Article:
Weighing the Options

Paper Weight.jpg

When it comes to decision making for an invitation suite, it doesn't stop at layout, color, and script style. Selecting paper weight is one of the many important decisions to make when planning an event. Think about all of the invitations you have received in the past. They arrived on a nice crisp, thicker-than-your-average-printer-paper piece of cardstock. The heavier weight of the paper intrinsically tells you that it is informing you of an important event, and its sturdiness is helpful while keeping from losing it until the event.

Brides and Grooms have so many decisions to make when planning a wedding. Band or DJ? Seated Dinner or Buffet? Church or beach nuptials? Luckily, unlike most of the other decisions you have to make, there are guidelines for paper weight. There is no one-size-fits all answer here, but the guidelines are a good rule of thumb. Paper weight largely correlates to the printing method you choose, so there really isn't too much to sweat!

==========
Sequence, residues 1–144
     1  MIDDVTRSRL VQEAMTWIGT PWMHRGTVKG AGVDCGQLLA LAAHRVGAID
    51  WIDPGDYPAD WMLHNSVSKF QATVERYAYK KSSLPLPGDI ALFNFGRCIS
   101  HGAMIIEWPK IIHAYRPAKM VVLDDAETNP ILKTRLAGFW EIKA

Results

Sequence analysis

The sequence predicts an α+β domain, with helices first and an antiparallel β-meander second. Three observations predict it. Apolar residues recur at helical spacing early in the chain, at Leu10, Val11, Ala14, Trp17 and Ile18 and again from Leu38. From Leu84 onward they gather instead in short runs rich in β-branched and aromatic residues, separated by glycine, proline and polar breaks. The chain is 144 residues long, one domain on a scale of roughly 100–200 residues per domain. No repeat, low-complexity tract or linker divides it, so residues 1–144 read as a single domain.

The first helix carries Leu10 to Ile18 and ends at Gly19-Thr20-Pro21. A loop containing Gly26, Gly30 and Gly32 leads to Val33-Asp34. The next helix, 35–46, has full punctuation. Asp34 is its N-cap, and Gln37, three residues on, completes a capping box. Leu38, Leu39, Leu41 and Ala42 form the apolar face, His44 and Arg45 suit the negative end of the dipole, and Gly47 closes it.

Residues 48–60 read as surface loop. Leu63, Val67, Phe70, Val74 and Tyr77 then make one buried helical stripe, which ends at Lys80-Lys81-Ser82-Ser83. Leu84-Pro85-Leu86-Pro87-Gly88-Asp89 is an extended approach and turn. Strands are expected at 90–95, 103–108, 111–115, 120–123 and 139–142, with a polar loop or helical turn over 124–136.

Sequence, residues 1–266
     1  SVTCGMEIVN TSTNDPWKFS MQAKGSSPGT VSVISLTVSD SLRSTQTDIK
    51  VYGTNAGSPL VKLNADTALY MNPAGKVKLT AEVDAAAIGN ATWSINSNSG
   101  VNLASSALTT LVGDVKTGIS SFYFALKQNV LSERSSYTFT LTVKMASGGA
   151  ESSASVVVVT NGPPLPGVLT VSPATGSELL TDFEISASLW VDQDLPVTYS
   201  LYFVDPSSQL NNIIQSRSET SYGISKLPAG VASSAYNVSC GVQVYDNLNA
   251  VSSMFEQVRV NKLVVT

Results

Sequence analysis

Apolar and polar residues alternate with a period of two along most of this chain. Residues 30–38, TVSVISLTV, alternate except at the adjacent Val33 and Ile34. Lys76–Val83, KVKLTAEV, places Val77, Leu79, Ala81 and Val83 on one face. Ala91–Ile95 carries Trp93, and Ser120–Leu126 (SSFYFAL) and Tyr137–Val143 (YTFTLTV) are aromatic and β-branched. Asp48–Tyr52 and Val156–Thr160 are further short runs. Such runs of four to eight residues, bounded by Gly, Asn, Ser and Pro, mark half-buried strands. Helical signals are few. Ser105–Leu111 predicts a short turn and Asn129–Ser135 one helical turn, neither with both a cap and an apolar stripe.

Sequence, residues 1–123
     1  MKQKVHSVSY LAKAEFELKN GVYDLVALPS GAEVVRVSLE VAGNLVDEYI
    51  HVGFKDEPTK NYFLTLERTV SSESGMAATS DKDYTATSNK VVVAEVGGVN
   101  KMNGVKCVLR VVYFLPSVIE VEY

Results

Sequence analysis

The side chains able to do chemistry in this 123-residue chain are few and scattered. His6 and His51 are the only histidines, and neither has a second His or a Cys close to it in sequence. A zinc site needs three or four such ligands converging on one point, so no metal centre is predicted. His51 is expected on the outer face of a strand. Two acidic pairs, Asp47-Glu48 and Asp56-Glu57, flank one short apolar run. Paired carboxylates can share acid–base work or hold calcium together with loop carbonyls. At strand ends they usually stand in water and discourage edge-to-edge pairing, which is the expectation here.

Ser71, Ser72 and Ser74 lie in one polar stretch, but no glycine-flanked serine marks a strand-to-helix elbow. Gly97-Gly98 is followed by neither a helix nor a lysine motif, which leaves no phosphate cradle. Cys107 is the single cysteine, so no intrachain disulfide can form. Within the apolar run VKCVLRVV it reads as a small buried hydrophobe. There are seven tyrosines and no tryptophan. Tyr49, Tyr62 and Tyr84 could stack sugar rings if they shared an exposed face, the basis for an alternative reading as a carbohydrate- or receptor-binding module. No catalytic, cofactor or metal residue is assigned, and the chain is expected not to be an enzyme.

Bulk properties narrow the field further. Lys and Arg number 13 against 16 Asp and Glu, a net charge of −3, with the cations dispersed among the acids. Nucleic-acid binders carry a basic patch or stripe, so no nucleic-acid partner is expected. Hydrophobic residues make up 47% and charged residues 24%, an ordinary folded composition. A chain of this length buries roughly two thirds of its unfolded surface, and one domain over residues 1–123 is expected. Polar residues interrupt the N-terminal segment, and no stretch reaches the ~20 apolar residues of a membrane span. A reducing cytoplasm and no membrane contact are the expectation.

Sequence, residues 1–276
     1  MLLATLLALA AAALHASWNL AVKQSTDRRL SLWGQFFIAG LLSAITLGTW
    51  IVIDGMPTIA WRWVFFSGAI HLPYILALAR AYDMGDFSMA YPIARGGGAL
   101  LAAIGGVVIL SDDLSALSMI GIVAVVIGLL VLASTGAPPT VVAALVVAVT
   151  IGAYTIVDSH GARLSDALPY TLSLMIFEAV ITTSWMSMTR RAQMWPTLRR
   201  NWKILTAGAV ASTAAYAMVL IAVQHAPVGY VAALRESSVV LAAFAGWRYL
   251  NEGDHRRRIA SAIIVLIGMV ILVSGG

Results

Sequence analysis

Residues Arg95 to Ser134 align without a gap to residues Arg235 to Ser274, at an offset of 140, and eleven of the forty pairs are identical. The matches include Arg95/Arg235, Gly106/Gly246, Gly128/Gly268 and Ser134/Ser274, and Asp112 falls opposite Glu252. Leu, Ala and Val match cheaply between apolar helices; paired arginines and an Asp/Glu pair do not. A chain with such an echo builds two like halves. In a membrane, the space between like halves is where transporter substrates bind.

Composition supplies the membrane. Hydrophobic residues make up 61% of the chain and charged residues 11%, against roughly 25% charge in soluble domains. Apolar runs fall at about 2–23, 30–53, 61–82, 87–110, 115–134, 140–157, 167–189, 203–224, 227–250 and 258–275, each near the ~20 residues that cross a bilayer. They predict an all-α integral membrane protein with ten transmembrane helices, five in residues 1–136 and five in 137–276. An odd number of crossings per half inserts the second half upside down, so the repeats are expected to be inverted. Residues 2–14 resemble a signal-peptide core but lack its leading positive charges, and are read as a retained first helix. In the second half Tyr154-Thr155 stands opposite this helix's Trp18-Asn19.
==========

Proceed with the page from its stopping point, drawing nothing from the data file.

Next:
If your invitations will be digitally printed, the paper will crease during the printing process if it is too thick. There is a caveat to this. If you absolutely love a thick cardstock and want to stick to digital printing, there is a method that is referred to as flat printing. Flat printing is digital printing on a printer that distributes the ink in a flat format, rather than running it through printer rolls.

Letterpress and Foil Stamped invitations require a heavier weight paper so that their applications can be properly applied to the paper.

Recommended Paper Weights By Print Type

  • Digital/Flat - 100lb.-110lb. cardstock

  • Letterpress - 110lb.-220lb. cardstock

  • Foil Press - 110lb.-220lb. cardstock

110# cardstock (top), 220# cardstock (bottom)

110# cardstock (top), 220# cardstock (bottom)

As I said, these are just guidelines. There are many variables such as specialty paper or finishes that could require a different paper weight, but generally speaking these are great go-tos.